The last few weeks have brought on a wonderful blossoming of acronyms which have kept this market observer endlessly amused. FOMO (fear of missing out) combined with TINA (there is no alternative) have produced a huge momentum-based surge in share prices for FAANGs.
These wonderful acronyms have now combined with a profusion of letter based scenarios – we started with hopes of a V-shaped recovery which then turned into a more dismal U-shaped one, but not before many of us thought a W-shaped recovery might emerge which has in turn be super ceded by a K shaped recovery. Scratch beneath the surface patina though of this wonderful jargon and old debates bubble up, wearily familiar to anyone with more than a passing knowledge of factors and risk premia.
I discussed in the Q2 edition of Beyond Beta the growing concerns about concentrated returns patterns i.e. broad indices being pushed forward by a small sub section of mega large cap stocks. There are some very real concerns here but in truth most benchmark indices have always been vulnerable to dominate sub sections of the market – in previous decades we have worried about banks or resource stocks or even a previous generation of tech stocks in the early years of this new millennium.
Chart 1 should also remind us not to get too carried away with worries about concentration. Sure, the FAANGs are important but the chart shows the share price for Nvidia, a graphics microprocessor business that is riding two concurrent thematic transformations – the cloud and the rise of eGaming. The sheer rapidity of the ascent of Nvidia’s share price is arguably even more astonishing than the rise of the FAANGs.
Something is afoot that is more wide ranging than just a few big stocks dominating an index. That ‘something’ is the age-old debate between growth and value. What the FAANGs and Nvidia share in common is the moniker of a growth stock, in this case built on technology. By contrast value stocks seem marooned, devoid of interest and lagging ever further behind the wider market. Thus, it comes as no surprise when popular US day trader Dave Portnoy recently declared that Warren Buffett was past his prime and that a new world of investing has arrived – one presumably populated by lots of tech stocks favoured by Dave.
It is easy to mock the Barstool investing hero but more than a few finance professionals reckon that Portnoy has a point. Paul Cuatrecasas, who previously founded Alegro Capital in 2003 and also co-founded ARC Associates in 1993, is behind a new research venture called Aquaa Partners Investment Research. Their latest research paper is worth a read on this subject – it is called The death of value investing and the dawn of a new tech driven investment paradigm. I will pull out a few choice bits, and accompanying charts – truly are extraordinary. Chart 2 illustrates total shareholder returns since 1999 for key tech and non-tech indices.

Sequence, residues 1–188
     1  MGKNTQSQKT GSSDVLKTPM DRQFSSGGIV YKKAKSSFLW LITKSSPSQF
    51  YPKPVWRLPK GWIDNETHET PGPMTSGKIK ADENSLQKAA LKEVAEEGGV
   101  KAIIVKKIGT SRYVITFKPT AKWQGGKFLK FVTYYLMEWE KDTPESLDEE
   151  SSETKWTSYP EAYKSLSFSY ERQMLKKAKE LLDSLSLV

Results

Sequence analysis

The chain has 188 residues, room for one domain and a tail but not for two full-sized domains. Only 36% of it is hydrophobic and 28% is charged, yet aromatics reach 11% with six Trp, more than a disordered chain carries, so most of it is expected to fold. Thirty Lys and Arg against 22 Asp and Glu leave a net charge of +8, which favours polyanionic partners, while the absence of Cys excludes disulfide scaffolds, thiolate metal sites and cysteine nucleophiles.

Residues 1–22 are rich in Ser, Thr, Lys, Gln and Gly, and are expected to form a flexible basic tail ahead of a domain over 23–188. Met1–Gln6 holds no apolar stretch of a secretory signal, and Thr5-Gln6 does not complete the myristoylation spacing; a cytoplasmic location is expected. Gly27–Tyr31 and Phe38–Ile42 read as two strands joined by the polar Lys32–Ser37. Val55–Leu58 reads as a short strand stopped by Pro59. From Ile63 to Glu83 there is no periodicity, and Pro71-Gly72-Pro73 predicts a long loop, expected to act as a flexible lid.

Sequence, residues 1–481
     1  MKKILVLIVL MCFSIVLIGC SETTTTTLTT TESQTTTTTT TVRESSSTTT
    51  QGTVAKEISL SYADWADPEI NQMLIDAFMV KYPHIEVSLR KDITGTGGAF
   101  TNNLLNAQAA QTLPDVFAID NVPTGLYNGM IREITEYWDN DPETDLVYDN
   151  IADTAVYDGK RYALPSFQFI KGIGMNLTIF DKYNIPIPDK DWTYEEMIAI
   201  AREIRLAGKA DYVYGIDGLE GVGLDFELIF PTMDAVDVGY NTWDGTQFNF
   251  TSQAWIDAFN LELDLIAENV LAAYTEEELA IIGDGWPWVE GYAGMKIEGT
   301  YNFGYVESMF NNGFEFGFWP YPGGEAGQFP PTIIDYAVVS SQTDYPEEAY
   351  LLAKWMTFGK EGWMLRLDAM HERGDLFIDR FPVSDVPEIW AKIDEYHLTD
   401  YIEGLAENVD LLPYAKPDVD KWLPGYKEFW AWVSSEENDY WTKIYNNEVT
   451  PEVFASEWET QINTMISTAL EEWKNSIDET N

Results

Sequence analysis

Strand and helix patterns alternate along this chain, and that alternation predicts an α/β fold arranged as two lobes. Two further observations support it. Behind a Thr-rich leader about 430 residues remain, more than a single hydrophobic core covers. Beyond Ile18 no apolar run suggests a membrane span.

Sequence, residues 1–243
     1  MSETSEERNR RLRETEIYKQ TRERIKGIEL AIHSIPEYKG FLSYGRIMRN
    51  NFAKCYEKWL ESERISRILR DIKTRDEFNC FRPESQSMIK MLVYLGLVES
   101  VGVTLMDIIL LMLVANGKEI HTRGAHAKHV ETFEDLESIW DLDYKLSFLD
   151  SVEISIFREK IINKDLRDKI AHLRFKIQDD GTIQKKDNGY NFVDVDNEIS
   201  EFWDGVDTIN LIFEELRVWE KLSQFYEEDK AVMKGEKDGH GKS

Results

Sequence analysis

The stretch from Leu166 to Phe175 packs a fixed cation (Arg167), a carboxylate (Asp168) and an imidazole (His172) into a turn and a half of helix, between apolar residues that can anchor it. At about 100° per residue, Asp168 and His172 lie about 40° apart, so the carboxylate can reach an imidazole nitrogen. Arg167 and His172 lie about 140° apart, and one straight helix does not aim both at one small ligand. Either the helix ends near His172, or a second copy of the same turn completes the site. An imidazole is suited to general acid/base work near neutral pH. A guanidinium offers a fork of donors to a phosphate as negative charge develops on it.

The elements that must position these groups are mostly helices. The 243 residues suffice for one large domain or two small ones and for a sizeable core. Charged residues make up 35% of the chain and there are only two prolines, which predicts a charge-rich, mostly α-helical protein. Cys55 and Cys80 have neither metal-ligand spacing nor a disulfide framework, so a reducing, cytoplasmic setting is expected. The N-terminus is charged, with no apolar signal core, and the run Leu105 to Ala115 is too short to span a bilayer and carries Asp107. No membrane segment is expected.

“In the 22 years since 1999, the Nasdaq 100 Tech index has delivered a TSR to investors of 11,630%. This compares to the Nasdaq 100 non-tech index TSR of only 4,543% (despite this non-tech index including Amazon and Alphabet). The TSR since 1999 of the Nasdaq 100 Tech index was almost 13 times greater than the TSR of the FTSE 100 NonTech index (838%).
“Chart 2 also illustrates how these differences have become even more pronounced since 2009 as tech began to pick up exponential speed. the TSR of the Nasdaq 100 Tech index from 2009 to 31 July, 2020 was six times greater than that of both the FTSE 100 NonTech index and the DAX Non-Tech index.”
In other words, over a 22-year period technology stocks have delivered an approximate return 15 times greater than non-technology stocks, despite the dot-com collapse from 2000 to 2003.
Even in the last five and half years, since January 2015, the Nasdaq 100 has delivered a TSR close to 3.5 times greater than that of the average of the non-tech indices. Ah, but surely all these amazing returns have come with much greater risk? Not so, says Aquaa. They point to Chart 3.
Their chosen measure of risk is based on calculating the maximum point of loss in each year since 1995 from the first day in the year of trading.
Yearly averages are calculated, and the figures amalgamated. The exercise is then applied to both tech and non-tech stocks. Again, the Nasdaq 100 index is used as the source of tech sector data, while the non-tech sector is measured by the average of non-tech data for the FTSE 100, CAC 40 and DAX 30 indices. According to the Aquaa report, “in the 12 years from 2009 to 2020 (seven months to 31 July, 2020), the average of the maximum point of loss for the tech sector was only 7.6%, compared to 12.7% for the non-tech sector”.
So, what is the driver of this extraordinary transformation – which the report reckons could continue for many years hence? “It is the effect of Moore’s Law materialising in all industries as the world becoming more technology dependent. This force is only to going to grow, despite the inevitable market cycles.”